Stralo is a modular CMS-like software suite consisting of over 30 modules. At the Republic, we use Stralo to create web content: websites, portals, collection management systems, media asset management systems, etc.

We've built Stralo from the ground up. It doesn't really rely on any particular web-framework. Instead, we decided to build it from scratch around open standards and a few central paradigms:


The core concept of Stralo is Linked Data. This means that all data is stored and published in a very structured way so that it can be interlinked and become more useful through semantic queries. This also means a Stralo server tries to interlink and understand the data it has in store. Much like a human tries to understand by linking many different memories together.

The semanticness of Stralo goes beyond it's technological implementation. It's a philosophy we imprinted into Stralo's DNA. For instance, next to eg. storing all information in a triplestore, we have built in native support for machine learning, grid computing, distributed storage, etc so it's able to reason about it's knowledge.

The ultimate goal of Stralo is to create a CMS that not only structures it's data according to international linked data standards, but truly understands what information it has in store.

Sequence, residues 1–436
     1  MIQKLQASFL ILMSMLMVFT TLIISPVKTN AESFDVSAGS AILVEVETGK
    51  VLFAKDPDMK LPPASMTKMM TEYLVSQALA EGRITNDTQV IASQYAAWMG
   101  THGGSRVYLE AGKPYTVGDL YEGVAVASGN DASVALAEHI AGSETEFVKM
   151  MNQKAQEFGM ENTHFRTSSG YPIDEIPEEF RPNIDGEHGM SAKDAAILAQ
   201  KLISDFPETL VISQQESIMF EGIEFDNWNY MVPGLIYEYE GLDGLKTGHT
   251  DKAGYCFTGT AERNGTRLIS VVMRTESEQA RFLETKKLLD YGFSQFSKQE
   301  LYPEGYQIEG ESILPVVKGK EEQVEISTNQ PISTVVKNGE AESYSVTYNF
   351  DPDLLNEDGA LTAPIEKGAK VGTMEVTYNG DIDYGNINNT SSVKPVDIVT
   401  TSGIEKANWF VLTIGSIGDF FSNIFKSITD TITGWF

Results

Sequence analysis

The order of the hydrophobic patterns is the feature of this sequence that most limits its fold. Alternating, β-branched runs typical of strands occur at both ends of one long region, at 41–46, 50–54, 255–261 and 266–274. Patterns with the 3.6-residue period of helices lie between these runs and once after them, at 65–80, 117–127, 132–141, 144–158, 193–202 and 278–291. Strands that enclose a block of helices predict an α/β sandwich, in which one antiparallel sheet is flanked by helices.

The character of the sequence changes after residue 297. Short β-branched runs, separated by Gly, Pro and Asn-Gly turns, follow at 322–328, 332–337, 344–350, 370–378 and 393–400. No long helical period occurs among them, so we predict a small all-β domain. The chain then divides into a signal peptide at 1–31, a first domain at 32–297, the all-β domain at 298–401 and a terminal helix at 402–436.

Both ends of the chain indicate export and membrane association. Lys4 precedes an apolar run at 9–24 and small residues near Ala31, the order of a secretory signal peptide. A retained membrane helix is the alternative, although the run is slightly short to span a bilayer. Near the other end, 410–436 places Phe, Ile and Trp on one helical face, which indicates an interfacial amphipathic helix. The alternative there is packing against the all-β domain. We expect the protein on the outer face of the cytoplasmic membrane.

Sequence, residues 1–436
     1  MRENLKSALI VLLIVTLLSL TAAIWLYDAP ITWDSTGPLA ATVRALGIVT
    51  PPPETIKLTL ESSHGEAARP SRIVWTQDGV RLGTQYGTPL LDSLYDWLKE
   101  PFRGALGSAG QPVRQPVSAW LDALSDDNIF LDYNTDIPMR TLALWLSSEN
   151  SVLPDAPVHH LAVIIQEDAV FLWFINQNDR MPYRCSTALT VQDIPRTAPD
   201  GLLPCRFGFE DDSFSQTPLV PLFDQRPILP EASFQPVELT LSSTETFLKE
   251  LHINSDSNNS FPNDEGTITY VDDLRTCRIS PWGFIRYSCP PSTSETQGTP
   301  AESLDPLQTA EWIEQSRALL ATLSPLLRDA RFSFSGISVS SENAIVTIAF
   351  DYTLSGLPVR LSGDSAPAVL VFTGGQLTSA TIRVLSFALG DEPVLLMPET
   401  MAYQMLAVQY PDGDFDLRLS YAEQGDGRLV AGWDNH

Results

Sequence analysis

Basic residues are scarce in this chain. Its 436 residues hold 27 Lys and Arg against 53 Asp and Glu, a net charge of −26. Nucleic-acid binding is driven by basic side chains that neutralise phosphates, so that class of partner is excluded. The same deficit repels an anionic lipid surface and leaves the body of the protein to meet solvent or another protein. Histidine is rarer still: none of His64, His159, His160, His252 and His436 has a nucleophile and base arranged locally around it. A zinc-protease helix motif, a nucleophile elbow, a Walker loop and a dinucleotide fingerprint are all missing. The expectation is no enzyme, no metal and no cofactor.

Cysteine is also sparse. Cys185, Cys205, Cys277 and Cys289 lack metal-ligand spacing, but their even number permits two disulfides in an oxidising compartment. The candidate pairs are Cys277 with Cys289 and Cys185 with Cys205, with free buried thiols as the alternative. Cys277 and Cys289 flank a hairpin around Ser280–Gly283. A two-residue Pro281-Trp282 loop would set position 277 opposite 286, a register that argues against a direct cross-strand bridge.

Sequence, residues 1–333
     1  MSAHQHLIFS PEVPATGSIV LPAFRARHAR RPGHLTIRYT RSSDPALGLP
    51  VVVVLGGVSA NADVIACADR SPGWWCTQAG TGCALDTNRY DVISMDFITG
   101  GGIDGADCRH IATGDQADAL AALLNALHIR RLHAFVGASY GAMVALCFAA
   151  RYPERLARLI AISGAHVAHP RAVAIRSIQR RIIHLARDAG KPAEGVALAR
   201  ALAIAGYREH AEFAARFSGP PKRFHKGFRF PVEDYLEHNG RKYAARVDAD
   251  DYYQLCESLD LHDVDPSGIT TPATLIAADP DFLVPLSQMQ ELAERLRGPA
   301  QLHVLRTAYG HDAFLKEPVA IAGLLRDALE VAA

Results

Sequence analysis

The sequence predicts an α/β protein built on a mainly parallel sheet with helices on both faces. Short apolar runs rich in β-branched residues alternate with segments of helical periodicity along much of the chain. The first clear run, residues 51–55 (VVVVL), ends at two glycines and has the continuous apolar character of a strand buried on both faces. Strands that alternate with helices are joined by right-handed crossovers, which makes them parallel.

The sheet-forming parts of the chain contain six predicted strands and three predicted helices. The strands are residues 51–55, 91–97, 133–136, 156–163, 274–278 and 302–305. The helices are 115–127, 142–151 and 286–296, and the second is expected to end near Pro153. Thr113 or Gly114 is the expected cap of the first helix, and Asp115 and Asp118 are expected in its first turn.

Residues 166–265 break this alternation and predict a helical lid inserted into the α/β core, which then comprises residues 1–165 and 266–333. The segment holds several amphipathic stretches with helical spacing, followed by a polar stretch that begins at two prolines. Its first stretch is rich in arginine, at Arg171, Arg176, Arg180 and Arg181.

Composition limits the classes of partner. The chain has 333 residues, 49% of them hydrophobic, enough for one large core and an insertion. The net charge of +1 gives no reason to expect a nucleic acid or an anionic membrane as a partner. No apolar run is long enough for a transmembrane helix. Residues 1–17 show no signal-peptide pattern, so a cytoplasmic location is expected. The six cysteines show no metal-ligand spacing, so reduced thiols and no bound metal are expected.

We're a Belgian media company and specialize in developing software for the A/V sector. We have a very good, but tiny dev-team, which basically means we need to maximize our programming efforts as much as possible. For one, we find it hard to keep track of the fast-paced release cycles of a multitude of external frameworks and libraries. Once you have a shiny new release back-ported and tested, a new one pops up. This is why we decided to bite the bullet and write Stralo from scratch, only relying on stable, industry-proven - but sometimes not so hip - 3rd party libraries with slower release cycles.

Another future-proof-decision we took is to split Stralo up into a lot (30+) of small modules instead of developing it as one big framework. This offers us very fine-grained version control and drastically improves the time efficiency of our developers. See our GitHub page for all modules.

Holding on to the modular-thought, we also decided to split pages into little modules or "blocks". Each page consists of a number of standardized Web Components that make up both the content and the design. By marrying the modular version control with the modular blocks-concept, we are able to control the release cycle of the blocks that make up Stralo webpages.


Ever since we started working on Stralo, we wanted to keep things simple by avoiding a "back-end". This means editing content in Stralo should be as easy as in any word processor: you can click, type and drag-and-drop everything you see. And what you see is what your visitors see. This means that - contrary to other content management systems - you don't need to log in to a back-end admin section to alter your website by filling in a form. You just surf to the page you want to modify, click the edit button and start editing.

Next to editing the content of a page, we also wanted to be able to edit the look and layout of a page. Again, without the need of a back-end or a webdesigner. So we integrated a drag-and-drop layout and styling system that enables you to reorder and style any page, all within the bounds of a well-designed theme.